Autism and Communication

Ben Sidman
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It was the great American Financer, Bernard Baruch that said “Feelings are 55% body language, 38% tone and 7% words” in other words, its not just what you say but the way that you say it. On the other hand, only the words are required for actual communication and the body language and tone are the social aspects that help people to understand a great deal more about what the words mean.
One of the issues with Autism or Asperger Syndrome is that there are distinct difficulties in communication that can occur on all three of these levels. It is well known that people have described communicating with autistic people as difficult thinking that they are ‘nerdy’ or ‘weird’.
If you look at communication as purely words and that the body language and tone are social aspects then quite often it is not the communication that is a problem.
Autistic people often have difficulties with social understanding and as children become older the shift towards the social part of communication becomes greater. When communication does becomes 93% social then if they are not understood they often feel more comfortable to avoid communication all together because it becomes too difficult. Hans Asperger himself was described by others as ‘remote’ in that he distanced himself away from others.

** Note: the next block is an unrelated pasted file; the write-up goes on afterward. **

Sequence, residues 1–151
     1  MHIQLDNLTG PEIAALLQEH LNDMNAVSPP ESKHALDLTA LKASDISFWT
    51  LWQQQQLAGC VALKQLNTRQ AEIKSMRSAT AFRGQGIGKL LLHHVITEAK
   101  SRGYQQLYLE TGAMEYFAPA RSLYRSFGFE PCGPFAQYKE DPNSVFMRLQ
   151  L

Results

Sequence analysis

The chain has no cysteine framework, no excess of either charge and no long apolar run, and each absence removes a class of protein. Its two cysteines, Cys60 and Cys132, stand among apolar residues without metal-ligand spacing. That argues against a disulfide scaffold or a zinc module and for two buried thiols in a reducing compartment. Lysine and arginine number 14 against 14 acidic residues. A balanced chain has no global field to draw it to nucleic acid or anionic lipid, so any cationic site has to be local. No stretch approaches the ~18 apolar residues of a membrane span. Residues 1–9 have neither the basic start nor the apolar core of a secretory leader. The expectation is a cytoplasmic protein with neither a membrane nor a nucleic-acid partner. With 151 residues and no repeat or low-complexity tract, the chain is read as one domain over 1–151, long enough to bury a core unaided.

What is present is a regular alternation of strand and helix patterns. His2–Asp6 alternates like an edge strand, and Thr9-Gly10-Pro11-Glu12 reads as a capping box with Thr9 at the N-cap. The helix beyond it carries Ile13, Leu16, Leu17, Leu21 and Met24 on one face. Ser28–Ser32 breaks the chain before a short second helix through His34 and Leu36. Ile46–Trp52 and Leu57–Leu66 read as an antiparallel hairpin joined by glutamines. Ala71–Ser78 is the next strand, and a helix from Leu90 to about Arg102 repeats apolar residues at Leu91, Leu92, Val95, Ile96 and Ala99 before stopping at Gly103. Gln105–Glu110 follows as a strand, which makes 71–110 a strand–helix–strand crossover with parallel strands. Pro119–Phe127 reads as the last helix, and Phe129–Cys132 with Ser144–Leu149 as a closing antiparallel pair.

For autistic people that cannot produce the words there are a number of therapies or treatments such as music therapy or the controversial facilitated communication. These treatments (not cures) help people to communicate through a different medium.
Other autistic children may communicate with words but lack understanding or the ability to recognise the social side of communication (body language and tone). But also they themselves may not be communicating with their body and tone. Their body language can be awkward or uncomfortable, with eye gaze and an apparent lack of engagement.
The speech can be monotone or non-emotional and the volume may be loud or not fitting to the situation. But also the word structure may not be clear, the language can be literal, there may be interruptions and the subject may become confused which is likely to be a reflection of how confusing certain things are to them.
There are other therapies that help them understand concepts such as recognising emotions. Picture or art therapy is useful to help give visual guides to things they will see in communications. Music therapy is sometimes used to help understand the back and forth of conversation.
And speech therapy is a commonly used therapy to help develop the muscles in the mouth to help with pronunciation and articulation.
So while communication may conventionally be on these three levels of body language, tone and words, there are many other ways to communicate and many people will tell you that communicating with autistic children on their level is very rewarding because they are all geniuses in their own right that have a lot to talk about.

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